Joe Guthrie is the survey coordinator for the Smithsonian Conservation Biology Institute's Virginia Working Landscapes program based in Front Royal, Virginia. Guthrie leads Virginia Working Landscape's fieldwork, which is designed to collect data on native biodiversity throughout the program’s 16-county study area.
VWL’s monitoring and research efforts are central to its mission to promote conservation through community engagement and education. As survey coordinator, Guthrie functions as a liaison between SCBI, citizen scientists, landowners, research collaborators and agency/NGO partners. Through VWL, Guthrie is pursuing new research projects on the ecology of Virginia’s native orchids and on the movement ecology of native carnivores.
Beginning with his master's research, Guthrie has devoted his attention to understanding the role private, working farms and ranches play in protecting biodiversity across the Southeastern United States. He completed a thesis at the University of Kentucky based on his work GPS-tracking the Florida black bear across the ranchlands and swamp forests of South-Central Florida. Guthrie's research has influenced the design and location of a series of wildlife underpasses on Florida highways, in an effort to improve road safety and to facilitate large-animal movement and ecological connectivity.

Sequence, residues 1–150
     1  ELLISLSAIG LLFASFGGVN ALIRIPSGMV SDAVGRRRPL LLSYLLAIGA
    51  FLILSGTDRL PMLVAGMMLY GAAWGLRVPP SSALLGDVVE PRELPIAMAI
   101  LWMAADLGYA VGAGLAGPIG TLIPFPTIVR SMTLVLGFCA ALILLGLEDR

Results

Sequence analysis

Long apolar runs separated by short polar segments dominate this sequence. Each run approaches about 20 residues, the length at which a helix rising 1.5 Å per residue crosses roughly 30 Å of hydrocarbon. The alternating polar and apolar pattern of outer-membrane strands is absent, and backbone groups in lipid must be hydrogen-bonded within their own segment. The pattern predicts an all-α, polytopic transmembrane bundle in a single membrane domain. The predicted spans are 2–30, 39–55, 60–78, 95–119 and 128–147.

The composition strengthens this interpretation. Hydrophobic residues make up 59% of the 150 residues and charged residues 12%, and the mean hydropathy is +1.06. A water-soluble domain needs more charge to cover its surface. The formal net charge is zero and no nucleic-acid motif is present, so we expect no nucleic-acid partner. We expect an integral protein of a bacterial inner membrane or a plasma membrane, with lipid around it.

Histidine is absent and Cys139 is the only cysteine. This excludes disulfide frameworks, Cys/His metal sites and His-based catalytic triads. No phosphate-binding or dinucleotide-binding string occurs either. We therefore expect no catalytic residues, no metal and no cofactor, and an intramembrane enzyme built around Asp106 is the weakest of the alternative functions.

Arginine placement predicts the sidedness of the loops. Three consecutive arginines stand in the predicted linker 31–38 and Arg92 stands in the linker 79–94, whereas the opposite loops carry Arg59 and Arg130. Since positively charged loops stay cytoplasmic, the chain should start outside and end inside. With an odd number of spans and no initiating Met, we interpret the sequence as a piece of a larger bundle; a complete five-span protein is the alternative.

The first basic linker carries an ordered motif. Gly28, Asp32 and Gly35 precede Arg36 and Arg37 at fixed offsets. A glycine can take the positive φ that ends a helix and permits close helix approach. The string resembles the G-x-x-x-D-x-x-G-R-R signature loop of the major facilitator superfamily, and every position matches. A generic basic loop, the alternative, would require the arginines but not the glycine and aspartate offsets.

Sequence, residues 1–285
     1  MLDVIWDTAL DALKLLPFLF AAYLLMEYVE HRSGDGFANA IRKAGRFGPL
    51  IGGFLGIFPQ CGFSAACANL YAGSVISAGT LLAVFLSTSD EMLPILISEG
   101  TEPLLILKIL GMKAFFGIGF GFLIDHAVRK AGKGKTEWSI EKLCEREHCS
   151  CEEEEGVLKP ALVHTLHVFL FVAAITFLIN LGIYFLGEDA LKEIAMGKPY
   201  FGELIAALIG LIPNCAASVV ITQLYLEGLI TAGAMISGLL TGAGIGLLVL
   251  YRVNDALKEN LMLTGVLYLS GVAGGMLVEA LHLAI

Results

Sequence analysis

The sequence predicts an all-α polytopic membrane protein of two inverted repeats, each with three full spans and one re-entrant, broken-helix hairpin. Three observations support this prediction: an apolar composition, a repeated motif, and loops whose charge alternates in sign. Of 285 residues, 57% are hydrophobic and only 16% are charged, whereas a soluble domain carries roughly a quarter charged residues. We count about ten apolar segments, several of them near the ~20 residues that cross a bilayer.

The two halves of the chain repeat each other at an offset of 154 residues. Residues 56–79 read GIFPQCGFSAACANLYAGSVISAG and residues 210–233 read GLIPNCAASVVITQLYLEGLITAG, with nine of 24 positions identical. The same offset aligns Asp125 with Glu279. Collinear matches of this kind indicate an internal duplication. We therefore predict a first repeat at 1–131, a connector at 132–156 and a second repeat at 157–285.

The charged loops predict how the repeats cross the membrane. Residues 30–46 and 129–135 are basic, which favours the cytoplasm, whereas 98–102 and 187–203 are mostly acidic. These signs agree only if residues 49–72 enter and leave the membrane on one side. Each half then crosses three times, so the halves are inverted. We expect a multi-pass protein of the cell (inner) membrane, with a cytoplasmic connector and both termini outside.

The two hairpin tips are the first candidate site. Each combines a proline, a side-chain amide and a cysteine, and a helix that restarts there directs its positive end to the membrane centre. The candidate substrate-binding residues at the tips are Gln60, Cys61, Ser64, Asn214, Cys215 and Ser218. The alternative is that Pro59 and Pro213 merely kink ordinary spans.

The black bear conservation work completed by Guthrie and colleagues inspired a series of documentary films based on their efforts to promote conservation to restore and protect a 16-million-acre ecological corridor in Florida. The most recent of these films, "The Last Green Thread," was selected to be featured at the 2019 D.C. Environmental Film Festival.
Guthrie is a native of Henry County, Kentucky, and now lives in Washington, Virginia.
Murphy, S.M., W.A. Ulrey, J.M. Guthrie, D.S. Maehr, W.G. Abrahamson, S.C. Maehr, J.J. Cox. 2017. Food habits of a small Florida black bear population in an endangered ecosystem. Ursus 28(1). 92-104.